The Fresh Loaf

News & Information for Amateur Bakers and Artisan Bread Enthusiasts

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BeckyBaker730

I was in a baking mood today (well, on what day am I not?) so I decided to surf the net for an interesting recipe. I found this potato bread recipe on a website for a company that sells potatoes (convenient!). I adapted it to my tastes and the ingredients I had on hand. The recipe is as follows:

Honey-Wheat Potato Bread Makes 2 loaves (using 8x4x2" pans) 1 large potato, peeled and chopped into chunks 1 1/2 cups water 1/2 cup whole milk (approx.) 2 packages (1/4 oz each) active dry yeast 1 cup whole wheat flour 5 cups all-purpose white flour 3 TBS pure honey 2 TBS butter 2 tsp salt

Cook potato chunks in the water until they are tender. Do not drain! Reserve 1/2 cup of the potato water, and mash the potatoes with the rest of the water. Using measuring cup, add enough whole milk to potato mixture to make 2 cups of potato mixture (I needed about 1/2 cup of milk). Make sure reserved potato water is around 110 degrees F (if it has cooled too much, nuke it in the microwave for a few seconds until it warms up...if it is still too hot, wait till it cools). In a large mixing bowl, sprinkle the yeast onto the reserved potato water. Add mashed potato mixture, the cup of whole wheat flour, 1 cup of the white flour, the honey, the butter, and the salt. Beat on LOW speed for 30 seconds or until ingredients are combined. Scrape sides of bowl. Beat on HIGH speed for 3 minutes (set a timer!). Then, on low speed or with a wooden spoon, stir in as much of the remaining white flour as possible. Turn dough out onto floured surface and continue to knead in the remaining flour until a semi-stiff dough is formed. Knead dough, without adding extra flour, about 8 minutes. Place in oiled bowl and cover with plastic wrap. Let rise until doubled, about 1 hour. Gently deflate dough, divide in half, cover and let rest for 10 minutes. Shape dough into loaves or other desired shape, place in oiled pans, cover with plastic and let rise again till almost double, about 40 minutes. While loaves are rising, preheat oven to 375 degrees F. Bake loaves about 40 minutes. If crust starts to brown too much, cover with foil.

My husband gave me a mini digital camera for Christmas, just so that I can post photos of my baked goods. :-) Here are a couple pictures of my finished loaves...
Honey-Wheat Potato Bread
Honey-Wheat Potato Bread

As you can see, the loaf on the left rose significantly higher than the loaf on the right during the 2nd rise. I was not expecting this. The only thing I can attribute it to is that I had quite a time shaping the left loaf, and thus ended up having to knead the dough a little as I shaped it. The right loaf did not get the extra kneading after punching the dough down after the first rise.

We couldn't wait till these loaves cooled, they smelled so good! We each had a slice to sample from the smaller loaf, and the flavor is amazing. Pleasantly nutty (probably from the whole wheat flour) with a wonderful crunchy crust, but soft and tender inside. I'll be baking this weekly from now on, I think!

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BeckyBaker730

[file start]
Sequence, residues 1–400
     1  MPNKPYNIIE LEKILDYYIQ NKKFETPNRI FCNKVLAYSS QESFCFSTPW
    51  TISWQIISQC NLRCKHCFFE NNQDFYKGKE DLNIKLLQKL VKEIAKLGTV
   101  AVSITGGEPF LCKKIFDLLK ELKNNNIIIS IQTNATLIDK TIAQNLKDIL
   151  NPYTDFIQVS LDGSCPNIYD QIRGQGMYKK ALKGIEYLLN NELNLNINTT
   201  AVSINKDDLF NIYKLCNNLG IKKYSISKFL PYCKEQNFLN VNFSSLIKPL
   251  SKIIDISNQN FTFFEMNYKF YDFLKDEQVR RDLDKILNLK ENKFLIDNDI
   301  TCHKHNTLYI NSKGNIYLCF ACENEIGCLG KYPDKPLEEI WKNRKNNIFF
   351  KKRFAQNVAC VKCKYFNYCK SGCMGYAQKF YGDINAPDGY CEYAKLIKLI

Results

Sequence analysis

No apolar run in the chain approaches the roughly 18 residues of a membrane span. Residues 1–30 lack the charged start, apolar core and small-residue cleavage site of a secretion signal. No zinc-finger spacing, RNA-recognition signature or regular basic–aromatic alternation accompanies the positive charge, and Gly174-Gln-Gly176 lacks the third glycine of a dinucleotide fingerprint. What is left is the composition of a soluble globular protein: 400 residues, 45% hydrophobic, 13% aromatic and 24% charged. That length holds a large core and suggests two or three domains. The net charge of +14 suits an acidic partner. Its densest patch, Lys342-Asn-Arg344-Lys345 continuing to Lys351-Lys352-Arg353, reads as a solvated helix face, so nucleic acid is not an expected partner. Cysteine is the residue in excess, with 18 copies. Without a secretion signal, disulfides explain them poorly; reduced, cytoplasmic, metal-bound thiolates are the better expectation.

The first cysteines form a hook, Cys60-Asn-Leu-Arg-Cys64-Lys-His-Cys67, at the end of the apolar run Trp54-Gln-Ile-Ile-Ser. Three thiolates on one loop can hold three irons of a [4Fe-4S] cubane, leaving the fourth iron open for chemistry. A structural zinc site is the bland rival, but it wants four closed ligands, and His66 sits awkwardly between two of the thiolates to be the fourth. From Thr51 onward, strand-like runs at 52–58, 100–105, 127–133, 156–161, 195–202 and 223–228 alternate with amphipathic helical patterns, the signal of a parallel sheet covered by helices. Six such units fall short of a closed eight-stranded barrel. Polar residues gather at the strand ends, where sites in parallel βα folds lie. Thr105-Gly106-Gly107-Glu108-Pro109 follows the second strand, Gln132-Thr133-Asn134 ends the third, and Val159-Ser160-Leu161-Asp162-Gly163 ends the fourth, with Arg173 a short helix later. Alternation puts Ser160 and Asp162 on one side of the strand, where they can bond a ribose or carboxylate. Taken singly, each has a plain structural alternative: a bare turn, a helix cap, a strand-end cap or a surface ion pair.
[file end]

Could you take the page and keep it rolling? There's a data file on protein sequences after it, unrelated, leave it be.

Today the start of my Christmas baking. First I will make the sponge and dough for the Blueberry Cream Cheese Braid. We're having that as part of our breakfast on Christmas morning. Then I am making Emeril's Cloverleaf Dinner rolls. I've made them once before and they are AMAZING! The best dinner rolls I've ever had. They have just a hint of sweetness to make them good with butter at dinner or jam at breakfast the next day. Those are for my Christmas dinner. And lastly I am making pizza dough for our Christmas Eve pizza. Nothing like homemade pizza and a good beer on Christmas eve.

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BeckyBaker730

The raisin bagels turned out superb! Thank you, Floydm, for posting the recipe and instructions. I am already eating my second one! They came out with a good chew on the outside, and softer in the middle. Tastes just like a bagel! The 1 cup of raisins was just enough....each bagel has a good # of raisins throughout. I think next time I make them I will add another teaspoon or two of cinnamon. I used 1 TBS in this batch, and while I could taste the cinnamon, it was not as prominent as I wanted it to be. All I did was add a little extra sugar and cut back on the salt a little. Then I stirred the raisins and the cinnamon into the sponge after adding the rest of the yeast and 1 cup of the flour. I wanted to make sure I got the raisins in before the dough got too stiff. Then I proceeded to work in as much of the remaining flour as possible. Next time I make bagels I'm going to try for a good "everything" bagel with onions, poppyseeds, and garlic. Yum!

I definitely think I am going to send my mom some bagels for Christmas. With this recipe I can boil and bake them early in the morning, let them cool, package them and then mail them later that same afternoon. I think they'll stay pretty fresh that way.

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BeckyBaker730

Finished with my bagels for the night. They are now resting comfortably for 20 minutes or so on a sheet pan in a plastic trash bag. When my kitchen timer beeps, I will put them in the fridge for the night.
A few interesting points:
1. I am aiming for a somewhat normal cinnamon-raisin bagel. I combined the recipe from this site with the cinnamon-raisin bagel recipe from fooddownunder.com, in hopes of achieving a balance between the two.
2. I could not for the life of me get that last 3/4 cup of flour into the dough. I think this might have to do with the addition of the 1 cup of raisins. Instead of 7 and 3/4 cups of flour, I ended up with an even 7, plus 1 cup of raisins and 1 TBS of cinnamon. They look and smell exactly like the cinnamon-raisin bagels I am used to, so here's to hoping they turn out good.
3. Kneading this dough is serious work! I like to knead by hand but this dough just about had me beat. Next time I may surrender and let my KitchenAid stand mixer handle it. It was fun though, especially because all the kneading started to break down the raisins a little, which made the dough smell amazing.